CHAUTAUQUA - Water, one of the planets most precious resources, is taking center stage at Chautauqua Institution this week.
As part of its daily lecture series, Chautauqua Institution invited Dennis Dimick, executive editor of National Geographic, and Sandra Postel, founder of the Global Water Policy Project and freshwater fellow at National Geographic, to speak about water conservation at the amphitheater Monday.
"Water feeds our atmosphere, recharges our rivers, powers waterfalls, refreshes lakes and provides us with what we need every day, all seven billion of us," Dimick said. "It's important to understand where the water goes."
According to Dimick, 70 percent of the available freshwater in the world is used for agriculture, 22 percent is consumed by industry and only 8 percent is used within the home. He also said water has been profoundly important in the development of many regions both within the country, as well as around the world. The worldwide need for freshwater coupled with a rising global population however, is driving many regions to consume much more than they had previously.
"We're increasingly seeing rivers that are running out of water before they even make it to their deltas," said Dimick. "There has been an increase in demand even though the supply remains constant. It's causing a disconnect between dreams and reality. We want to believe everything is blue and wonderful, but the reality is much more of these trends that we're actually seeing."
Sandra Postel and Dennis Dimick speak on the importance of water conservation for “Water Matters” week at Chautauqua Institution on Monday.
P-J photo by Ryan Atkins
A CHANGING PLANET
Pollution, especially that caused by humans, plays a significant role in the worlds water supply, as well as the delicate ecosystems housed within the water.
Due to factors such as nitrate pollution, there is a rising frequency of a phenomenon known as a hypoxic zone - an aquatic dead zone caused by excessive nutrient pollution from human activities, along with other factors, that doesn't contain enough oxygen to support most marine life. A 2008 study counted more than 400 hypoxic zones worldwide.
Besides an increase in man-made pollution and dead zones, there have been other notable changes in the planet's behavior. Since 1970, the average air temperature of the planet has increased by .9 degrees Farenheit. This, coupled with an increase in moisture content in the air, a 31 percent increase in heatwaves and a 7 percent increase in extreme rainfall has led to a much greater volatility being displayed in wet/dry cycles. These changes in the water cycle have a profound effect on farmers and can cause food insecurity.
"Because of the insecurity, there is an increase in food prices which can cause global instability," said Dimick. "Historically, droughts have caused entire civilizations to go away."
Sandra Postel, who grew up surrounded by the sea, knew from a very young age that her purpose was to do something for the planet and nature.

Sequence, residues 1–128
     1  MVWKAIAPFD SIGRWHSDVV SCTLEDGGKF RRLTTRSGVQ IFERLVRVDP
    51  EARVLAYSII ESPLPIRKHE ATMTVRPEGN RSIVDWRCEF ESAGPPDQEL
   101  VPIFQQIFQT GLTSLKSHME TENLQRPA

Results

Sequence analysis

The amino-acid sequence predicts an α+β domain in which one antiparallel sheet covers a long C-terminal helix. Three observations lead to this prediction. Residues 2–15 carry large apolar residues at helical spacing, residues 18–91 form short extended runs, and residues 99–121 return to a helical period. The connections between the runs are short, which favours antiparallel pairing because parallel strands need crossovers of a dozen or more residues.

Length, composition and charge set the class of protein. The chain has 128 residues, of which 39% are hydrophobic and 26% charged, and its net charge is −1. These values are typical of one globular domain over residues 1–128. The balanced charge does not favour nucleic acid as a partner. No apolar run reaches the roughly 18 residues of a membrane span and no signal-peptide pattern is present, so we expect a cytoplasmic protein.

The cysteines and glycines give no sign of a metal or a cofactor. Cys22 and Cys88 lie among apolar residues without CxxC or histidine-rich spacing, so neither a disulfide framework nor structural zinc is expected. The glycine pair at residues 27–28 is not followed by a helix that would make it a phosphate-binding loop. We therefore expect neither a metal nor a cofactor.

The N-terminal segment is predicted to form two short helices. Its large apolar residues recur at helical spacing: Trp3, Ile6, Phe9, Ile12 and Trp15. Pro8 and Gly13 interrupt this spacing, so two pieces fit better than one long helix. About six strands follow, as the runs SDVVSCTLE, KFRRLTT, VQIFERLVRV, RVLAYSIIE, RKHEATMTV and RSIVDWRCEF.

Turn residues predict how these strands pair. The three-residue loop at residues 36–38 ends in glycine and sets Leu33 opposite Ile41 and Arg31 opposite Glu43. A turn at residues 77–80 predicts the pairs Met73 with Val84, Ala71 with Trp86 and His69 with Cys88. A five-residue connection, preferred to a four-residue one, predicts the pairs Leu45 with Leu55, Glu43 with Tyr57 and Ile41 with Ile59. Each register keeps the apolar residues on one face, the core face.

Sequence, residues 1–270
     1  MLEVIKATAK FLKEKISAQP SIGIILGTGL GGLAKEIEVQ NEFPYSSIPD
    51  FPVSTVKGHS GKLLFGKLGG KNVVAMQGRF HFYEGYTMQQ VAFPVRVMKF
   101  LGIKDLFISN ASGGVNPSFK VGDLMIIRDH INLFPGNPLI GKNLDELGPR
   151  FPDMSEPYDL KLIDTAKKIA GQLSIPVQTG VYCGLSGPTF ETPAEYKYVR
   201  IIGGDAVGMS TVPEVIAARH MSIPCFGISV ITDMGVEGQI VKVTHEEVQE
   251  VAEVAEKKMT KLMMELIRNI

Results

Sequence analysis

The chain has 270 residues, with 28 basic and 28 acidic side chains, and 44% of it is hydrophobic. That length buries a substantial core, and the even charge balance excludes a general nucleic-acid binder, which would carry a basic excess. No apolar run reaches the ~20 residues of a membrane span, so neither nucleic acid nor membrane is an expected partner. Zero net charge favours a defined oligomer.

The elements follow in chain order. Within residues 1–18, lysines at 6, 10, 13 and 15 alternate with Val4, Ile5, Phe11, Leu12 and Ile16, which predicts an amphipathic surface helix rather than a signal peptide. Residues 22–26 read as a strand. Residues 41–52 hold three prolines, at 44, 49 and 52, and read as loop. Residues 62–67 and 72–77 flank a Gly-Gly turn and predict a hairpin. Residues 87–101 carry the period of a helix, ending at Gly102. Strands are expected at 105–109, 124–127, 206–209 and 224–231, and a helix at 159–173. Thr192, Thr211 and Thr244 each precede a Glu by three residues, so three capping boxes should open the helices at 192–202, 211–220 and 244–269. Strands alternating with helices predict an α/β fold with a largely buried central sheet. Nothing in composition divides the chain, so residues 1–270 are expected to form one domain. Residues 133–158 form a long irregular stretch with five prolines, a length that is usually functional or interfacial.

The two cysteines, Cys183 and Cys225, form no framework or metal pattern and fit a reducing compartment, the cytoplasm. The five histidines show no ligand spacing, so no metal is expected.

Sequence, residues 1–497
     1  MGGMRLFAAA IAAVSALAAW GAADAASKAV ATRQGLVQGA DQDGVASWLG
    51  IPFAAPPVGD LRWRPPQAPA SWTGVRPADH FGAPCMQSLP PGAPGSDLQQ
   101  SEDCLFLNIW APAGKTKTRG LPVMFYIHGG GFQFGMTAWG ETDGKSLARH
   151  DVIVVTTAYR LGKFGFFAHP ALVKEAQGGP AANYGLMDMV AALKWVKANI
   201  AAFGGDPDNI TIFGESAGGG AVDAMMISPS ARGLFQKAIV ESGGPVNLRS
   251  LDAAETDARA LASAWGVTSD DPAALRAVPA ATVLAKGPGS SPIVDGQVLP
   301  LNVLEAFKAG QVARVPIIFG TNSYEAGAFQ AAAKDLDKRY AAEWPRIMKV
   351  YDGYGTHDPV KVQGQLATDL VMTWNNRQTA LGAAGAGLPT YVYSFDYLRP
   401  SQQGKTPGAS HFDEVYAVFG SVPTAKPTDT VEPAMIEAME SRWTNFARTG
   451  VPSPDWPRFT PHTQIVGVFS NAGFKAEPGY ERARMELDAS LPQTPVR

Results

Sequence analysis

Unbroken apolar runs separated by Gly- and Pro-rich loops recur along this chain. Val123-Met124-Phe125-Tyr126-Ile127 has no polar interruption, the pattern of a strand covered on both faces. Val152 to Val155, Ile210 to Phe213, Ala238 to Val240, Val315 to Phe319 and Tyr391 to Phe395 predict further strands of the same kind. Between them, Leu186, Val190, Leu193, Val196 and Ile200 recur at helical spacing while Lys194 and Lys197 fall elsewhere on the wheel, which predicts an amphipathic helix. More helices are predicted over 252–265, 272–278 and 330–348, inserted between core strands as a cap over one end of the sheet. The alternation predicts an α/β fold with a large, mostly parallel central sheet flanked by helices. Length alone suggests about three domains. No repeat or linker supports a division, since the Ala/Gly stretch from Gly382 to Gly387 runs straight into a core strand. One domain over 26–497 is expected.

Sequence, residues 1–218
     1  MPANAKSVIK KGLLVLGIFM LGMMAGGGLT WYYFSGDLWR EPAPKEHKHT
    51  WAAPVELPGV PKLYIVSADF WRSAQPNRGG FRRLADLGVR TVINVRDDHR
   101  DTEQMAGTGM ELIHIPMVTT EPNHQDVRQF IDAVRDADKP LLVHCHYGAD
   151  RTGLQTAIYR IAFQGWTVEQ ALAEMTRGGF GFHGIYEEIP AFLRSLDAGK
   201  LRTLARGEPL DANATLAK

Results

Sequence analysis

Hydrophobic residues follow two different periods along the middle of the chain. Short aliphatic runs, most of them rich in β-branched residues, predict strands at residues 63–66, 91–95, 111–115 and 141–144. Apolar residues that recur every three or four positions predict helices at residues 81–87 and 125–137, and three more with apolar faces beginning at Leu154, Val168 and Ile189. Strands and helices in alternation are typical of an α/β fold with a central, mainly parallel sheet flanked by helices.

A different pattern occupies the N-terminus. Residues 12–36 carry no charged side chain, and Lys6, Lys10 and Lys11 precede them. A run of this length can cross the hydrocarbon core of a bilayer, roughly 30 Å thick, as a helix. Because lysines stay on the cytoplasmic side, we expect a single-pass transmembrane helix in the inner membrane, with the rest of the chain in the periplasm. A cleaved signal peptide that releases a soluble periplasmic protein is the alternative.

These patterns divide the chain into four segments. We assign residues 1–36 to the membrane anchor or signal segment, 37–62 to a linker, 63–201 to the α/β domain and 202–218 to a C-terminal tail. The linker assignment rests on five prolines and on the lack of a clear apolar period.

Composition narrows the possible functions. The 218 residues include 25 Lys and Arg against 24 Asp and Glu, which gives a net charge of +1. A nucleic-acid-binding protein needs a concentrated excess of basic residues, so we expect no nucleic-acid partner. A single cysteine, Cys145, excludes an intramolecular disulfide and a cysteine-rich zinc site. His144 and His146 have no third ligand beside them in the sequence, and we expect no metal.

"How can we meet all of our needs with a finite supply of water?," said Postel. "That's the problem that I work with."
According to Postel, the average personal water footprint is close to 2,000 gallons every day, with only about 100 gallons of that total number coming from the tap or other water sources at home. Many people tend to eat several servings of meat over the course of a day, which has a very high water cost. The average hamburger takes upwards of 600 gallons of water to produce, from the water used in the raising of cattle to the transportation and even the water used to create electricity to bring the final product to the consumer. On a similar level, a single cotton shirt can take more than 700 gallons of water to produce. National Geographic provides a water footprint calculator on their website, www.nationalgeographic.com, for those interested, along with tools to help educate users how to better conserve water.
GOING WITH THE FLOW
Worldwide, dams are used to control water in order to allow humans to better allocate it for their needs. With the growing scarcity of this resource however, dams need to be managed with the needs of nature in mind as well. Across the United States, many dams are beginning to come down, allowing rivers to return to their natural state.
"Rivers do heal," said Postel. "It just takes time."
The National Geographic Fresh Water Institute is currently working with other organizations to help restore the flow of water to the Colorado River, which has been slowed to a trickle due to the excessive use and waste of water. If the program is effective in Colorado, it will be rolled out across the country to help revive other damaged rivers, and eventually taken globally.
RUNNING THE NUMBERS
There are 5 million deaths annually from unsanitary water, most of whom are children. Two out of five people in the world live with no sanitation whatsoever, which complicates matters even further. Furthermore, one out of every six people lacks a safe water supply. Dimick urged those attending the lecture to promote the idea of helping to develop a way to create safe water supplies, as they can change the lives of those affected.
"We are the stewards of this planet," he said. "We need to not take this resource for granted. It is daily, it is immutable and it is us. Our relationship with water is more than just utilitarian, it's sacred and special."